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I have Comcast business Internet here. It gives me 5 static IPs.

Most of the machines in my house connect to a router like every other household. It has a 192.168.117.x subnet, DHCP Server, etc. and all is well. However, I have a second machine on MY desk that has a life Internet IP. Up until yesterday, this machine was running XP Pro. The primary NIC was manually set to with no gateway, and the secondary NIC was manually set to 173.x.x.171 with a gateway of 173.x.x.174. This worked just fine for years.

Yesterday I replaced that XP machine with a brand new Windows 7 x64 box. Again, I configured it the same way. The onboard NIC was given a static 192.168.117.x address with no gateway, and the secondary NIC was given a live Internet IP address with the proper router, etc.

2 Problems. First is that the internal network (192.168.117.x) is listed as a public network because there's no gateway, so that means no homegroup, no file sharing, none of that. And I can't change it from what I'm reading...

The second is that the machine reports the "router" ip address as it's address, and not the address that it's supposed to. I'm ready to tear my hair out over this. Any ideas?

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Update: I figured out the second problem. Sorta. It had something to do with the particular IP I was trying to use and it's interaction with the comcast gateway box. I changed to a different Internet IP and it works fine. Strange... ******************************** I also managed to use some kind of hack that upgraded it from a public network to a work network. I still have no homegroup (which I don't care about anyway), but I do have file sharing, which was the important thing. I wish I could fix it properly, though. – Eric Jun 28 '12 at 2:50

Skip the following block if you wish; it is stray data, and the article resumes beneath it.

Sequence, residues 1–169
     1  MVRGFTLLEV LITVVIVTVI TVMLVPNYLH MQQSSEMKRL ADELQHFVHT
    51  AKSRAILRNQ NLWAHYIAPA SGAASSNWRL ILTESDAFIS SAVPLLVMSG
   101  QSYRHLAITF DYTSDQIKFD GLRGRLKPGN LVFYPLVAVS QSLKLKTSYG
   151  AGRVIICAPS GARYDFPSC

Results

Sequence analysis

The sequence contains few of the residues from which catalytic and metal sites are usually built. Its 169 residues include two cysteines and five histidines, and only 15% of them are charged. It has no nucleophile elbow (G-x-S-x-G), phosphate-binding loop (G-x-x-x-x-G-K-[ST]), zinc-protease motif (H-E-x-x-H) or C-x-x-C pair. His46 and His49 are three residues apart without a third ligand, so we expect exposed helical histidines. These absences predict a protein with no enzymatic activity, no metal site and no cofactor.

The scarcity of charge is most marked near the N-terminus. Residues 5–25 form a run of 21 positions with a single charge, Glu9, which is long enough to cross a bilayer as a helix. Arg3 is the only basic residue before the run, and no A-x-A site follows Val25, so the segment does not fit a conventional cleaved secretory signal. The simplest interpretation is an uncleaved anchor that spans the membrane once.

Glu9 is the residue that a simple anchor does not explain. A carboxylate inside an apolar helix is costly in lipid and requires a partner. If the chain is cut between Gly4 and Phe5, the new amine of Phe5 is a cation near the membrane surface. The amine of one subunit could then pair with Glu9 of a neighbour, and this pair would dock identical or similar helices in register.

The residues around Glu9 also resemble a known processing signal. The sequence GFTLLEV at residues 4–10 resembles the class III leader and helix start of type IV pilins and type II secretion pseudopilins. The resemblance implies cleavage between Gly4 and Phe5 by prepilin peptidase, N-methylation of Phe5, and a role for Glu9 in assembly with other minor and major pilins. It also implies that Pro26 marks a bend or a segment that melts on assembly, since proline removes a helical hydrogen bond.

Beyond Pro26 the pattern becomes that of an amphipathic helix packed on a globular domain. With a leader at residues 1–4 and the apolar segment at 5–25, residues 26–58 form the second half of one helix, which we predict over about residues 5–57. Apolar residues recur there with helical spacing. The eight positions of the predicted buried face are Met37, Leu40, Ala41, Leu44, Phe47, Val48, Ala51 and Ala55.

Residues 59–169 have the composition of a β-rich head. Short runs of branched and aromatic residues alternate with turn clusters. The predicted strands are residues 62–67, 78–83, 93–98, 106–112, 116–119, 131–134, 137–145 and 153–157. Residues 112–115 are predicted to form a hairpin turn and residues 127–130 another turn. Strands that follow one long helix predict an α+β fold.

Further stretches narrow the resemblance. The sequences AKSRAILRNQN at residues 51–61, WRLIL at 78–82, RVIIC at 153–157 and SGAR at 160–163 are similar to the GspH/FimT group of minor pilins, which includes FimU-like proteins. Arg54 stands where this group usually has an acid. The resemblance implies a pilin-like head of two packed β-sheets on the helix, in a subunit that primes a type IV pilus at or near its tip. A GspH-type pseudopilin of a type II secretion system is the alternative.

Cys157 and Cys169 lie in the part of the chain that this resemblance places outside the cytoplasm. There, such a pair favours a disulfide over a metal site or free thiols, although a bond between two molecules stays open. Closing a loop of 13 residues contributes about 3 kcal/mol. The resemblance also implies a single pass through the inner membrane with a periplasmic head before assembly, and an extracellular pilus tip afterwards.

This is really two questions? Perhaps best asked as two questions.

This first issue is easy to resolve. There is no reason why your local IP shouldn't have a gateway, it should be set to the routers IP address. You can either change your router configuration so that it provides itself as the default gateway in the DHCP configuration. Or you can manually add the router as the gateway in the network configuration in Windows.

For your other issue, does your router support multiple IP addresses on the Internet side? If so, there is a much better way of setting things up. Why not give the second NIC a fixed address via DHCP and set the router to make the 2nd NIC in the DMZ (AKA a "virtual server")? Most routers will let you designate an internal IP address as effectively connected straight to the Internet. The settings are normally referred to under the heading DMZ. This lets the router do some basic security stuff without getting in the way. My old Draytek router would do this but my current Billion doesn't.

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